The last few weeks have confirmed it for me– social media is about 70% hype, and 30% business . What I mean by that is the majority of conversations surrounding social media center on behavior that creates page views but very little actual value to a brand marketer, and therefore little impact on the business of the Internet.
Lets deconstruct my statement for a bit…
The Facebook IPO confirms the space is slightly overvalued. I’m not saying by any means there’s no value here, because there is, but I’m saying the waters have gotten frothy and we need a few more years of growth and maturity before we can deem a company like Facebook the future of the Internet eco-system. Right now Facebook feels a little like the Lebron James of the industry; lots of strength, plays an amazing game during the first three quarters, but has trouble finishing and closing out the competition when it matters the most (IPO and brand budgets). Facebook needs to garner more consistent ad dollars from large brand marketers for something with impact, and when the dollars going to Facebook come from TV or (just imagine) search, then we can deem them the future.
Pinterest and SocialCam are omnipresent, but they’re not true vehicles for marketing. They both create oodles of page views and they’re growing like weeds, with more and more people testing ways to spend time there, but they’re not yet proving to be sticky platforms that can keep users coming back after the initial glow fades away. I’ve been on Pinterest for well over 2 years, and I stopped visiting regularly after about 3 months. The same goes for SocialCam – I visited them a bunch for 2 weeks, became frustrated by the spammy nature of their interactions with me, and have since leveled off. In both cases my life would still seem very complete if I never visited either one again.
Business models come and go while page views continue to increase. Each week we are treated to another pundit proclaiming the future of the web is social, and while I agree the future of the web does integrate social because of the page views and data created by those interactions, I would maintain the focus should be paid against mobile rather than social. Social is about content, but mobile is a delivery platform. Its possible to say in 3 years the shift for content could go back to some third party publisher who creates unique-to-web , exclusive content and less about person-to-person interaction. The fact remains the content will be delivered increasingly to mobile devices and not just your PC, whatever the content actually is. Social is a gateway in many cases. It’s a gateway to surfacing fun, entertaining or valuable content, so many of the social media impressions being generated simply drive traffic to quality third-party content. Is it possible that some other method of surfacing that content will arise? I think so.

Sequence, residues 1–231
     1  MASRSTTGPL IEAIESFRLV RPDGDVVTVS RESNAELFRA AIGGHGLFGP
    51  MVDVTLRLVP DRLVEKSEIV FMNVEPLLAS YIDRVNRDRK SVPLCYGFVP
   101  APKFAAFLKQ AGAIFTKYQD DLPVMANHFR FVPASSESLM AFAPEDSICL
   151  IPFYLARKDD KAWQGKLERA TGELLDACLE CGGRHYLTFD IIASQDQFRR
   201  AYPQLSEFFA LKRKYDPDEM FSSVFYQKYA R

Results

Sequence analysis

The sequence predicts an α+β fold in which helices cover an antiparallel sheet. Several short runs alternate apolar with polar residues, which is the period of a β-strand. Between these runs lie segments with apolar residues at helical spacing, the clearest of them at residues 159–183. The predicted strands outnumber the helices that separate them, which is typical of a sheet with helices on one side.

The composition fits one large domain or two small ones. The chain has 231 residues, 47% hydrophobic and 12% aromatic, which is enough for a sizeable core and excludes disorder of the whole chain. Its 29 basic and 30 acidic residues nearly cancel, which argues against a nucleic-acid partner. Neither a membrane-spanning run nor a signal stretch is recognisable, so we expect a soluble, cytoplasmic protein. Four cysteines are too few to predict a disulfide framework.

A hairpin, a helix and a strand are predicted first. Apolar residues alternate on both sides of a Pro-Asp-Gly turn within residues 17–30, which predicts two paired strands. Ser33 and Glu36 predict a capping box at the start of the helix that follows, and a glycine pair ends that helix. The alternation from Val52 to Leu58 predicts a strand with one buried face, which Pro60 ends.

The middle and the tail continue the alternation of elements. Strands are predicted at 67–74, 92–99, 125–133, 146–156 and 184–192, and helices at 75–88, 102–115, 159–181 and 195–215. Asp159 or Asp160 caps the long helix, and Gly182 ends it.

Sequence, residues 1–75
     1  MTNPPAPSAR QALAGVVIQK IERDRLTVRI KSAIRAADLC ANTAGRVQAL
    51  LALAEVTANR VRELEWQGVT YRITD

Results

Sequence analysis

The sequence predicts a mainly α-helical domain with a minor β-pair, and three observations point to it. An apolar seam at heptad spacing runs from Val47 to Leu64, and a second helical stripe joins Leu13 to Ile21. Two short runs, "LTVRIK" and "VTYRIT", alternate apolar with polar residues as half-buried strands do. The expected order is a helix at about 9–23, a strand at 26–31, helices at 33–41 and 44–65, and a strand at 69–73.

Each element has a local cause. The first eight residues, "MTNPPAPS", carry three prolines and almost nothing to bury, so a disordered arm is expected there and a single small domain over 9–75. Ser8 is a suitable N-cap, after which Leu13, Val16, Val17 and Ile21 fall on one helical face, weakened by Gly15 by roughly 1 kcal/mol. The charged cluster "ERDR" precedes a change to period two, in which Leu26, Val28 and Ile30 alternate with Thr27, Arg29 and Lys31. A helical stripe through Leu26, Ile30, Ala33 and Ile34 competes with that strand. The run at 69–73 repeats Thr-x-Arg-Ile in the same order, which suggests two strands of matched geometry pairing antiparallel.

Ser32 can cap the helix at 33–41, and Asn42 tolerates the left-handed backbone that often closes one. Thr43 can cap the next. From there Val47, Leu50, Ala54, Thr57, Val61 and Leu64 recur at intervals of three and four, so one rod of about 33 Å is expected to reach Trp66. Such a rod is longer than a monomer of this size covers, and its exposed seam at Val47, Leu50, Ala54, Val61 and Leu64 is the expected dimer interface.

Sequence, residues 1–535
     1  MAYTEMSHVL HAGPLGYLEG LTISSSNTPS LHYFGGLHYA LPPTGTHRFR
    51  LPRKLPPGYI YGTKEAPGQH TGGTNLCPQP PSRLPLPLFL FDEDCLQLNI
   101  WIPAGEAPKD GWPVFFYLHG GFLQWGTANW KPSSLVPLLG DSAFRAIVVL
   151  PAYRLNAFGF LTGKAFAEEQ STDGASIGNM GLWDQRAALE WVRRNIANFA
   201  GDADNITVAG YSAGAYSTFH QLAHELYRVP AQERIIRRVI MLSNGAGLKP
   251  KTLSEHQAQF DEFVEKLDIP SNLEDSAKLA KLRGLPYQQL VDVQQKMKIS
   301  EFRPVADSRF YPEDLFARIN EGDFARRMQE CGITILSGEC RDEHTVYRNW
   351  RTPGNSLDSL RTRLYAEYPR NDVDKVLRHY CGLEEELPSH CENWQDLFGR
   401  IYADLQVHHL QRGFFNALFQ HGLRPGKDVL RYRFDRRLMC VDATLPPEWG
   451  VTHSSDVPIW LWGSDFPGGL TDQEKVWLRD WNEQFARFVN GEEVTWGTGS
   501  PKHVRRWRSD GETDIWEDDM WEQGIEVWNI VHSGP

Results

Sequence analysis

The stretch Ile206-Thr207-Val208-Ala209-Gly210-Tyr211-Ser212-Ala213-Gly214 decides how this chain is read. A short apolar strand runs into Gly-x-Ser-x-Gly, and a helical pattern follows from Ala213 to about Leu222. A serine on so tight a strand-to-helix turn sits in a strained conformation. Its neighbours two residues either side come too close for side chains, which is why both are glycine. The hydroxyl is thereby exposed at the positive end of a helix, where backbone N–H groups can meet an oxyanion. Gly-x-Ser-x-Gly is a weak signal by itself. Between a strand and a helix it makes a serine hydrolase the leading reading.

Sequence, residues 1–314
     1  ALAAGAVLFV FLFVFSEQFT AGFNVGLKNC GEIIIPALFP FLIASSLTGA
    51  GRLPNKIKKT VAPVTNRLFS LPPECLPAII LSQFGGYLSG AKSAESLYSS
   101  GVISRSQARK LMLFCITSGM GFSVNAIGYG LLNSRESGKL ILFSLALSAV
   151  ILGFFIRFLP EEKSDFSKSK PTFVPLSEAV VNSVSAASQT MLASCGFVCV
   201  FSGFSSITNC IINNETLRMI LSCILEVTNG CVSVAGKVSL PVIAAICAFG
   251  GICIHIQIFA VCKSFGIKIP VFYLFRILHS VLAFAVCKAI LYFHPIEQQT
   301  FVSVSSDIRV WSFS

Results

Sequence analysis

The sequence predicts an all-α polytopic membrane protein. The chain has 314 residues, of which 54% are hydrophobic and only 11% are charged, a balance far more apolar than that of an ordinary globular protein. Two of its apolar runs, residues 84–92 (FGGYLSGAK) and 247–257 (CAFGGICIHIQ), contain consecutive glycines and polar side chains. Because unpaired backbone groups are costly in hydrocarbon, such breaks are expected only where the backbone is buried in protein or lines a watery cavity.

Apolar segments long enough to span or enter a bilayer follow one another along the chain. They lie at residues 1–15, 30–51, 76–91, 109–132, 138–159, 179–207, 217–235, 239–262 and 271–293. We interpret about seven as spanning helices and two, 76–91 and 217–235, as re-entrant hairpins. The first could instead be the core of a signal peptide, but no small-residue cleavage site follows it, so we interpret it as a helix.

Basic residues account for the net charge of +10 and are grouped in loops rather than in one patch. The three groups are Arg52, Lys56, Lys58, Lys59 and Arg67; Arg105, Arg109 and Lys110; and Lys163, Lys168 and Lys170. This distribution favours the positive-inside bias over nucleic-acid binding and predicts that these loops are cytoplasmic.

Mobile feels like the Kevin Durant of the business. Its been around a couple of years, its been winning a scoring title on the down low (if we consider the volume of press and acquisitions in the mobile space as “the score” without too much mainstream fanfare) but people still consider it to young to win the title. We all know it’s only a matter of time, but how far away is that time? Mobile may not win the majority of ad dollars for a number of years, but I think its closer than social is (and I think Kevin Durant will win the title this year).
Social is not going away, and I agree the future is tightly interwoven with social media, but right now its about page views and connections that can feed other tools like display and mobile. Social is a tool or a resource that feeds the development and delivery of content online, and if I were Facebook, Pinterest or Socialcam that’s where I would be focusing my efforts. How can my platform fundamentally inform or change the ways that people interact with content from the web.
Just think – you and I may not be friends, but there’s a good chance you found this article through social media. We may not have a personal interaction, but social surfaced this content to you. How can you use that information?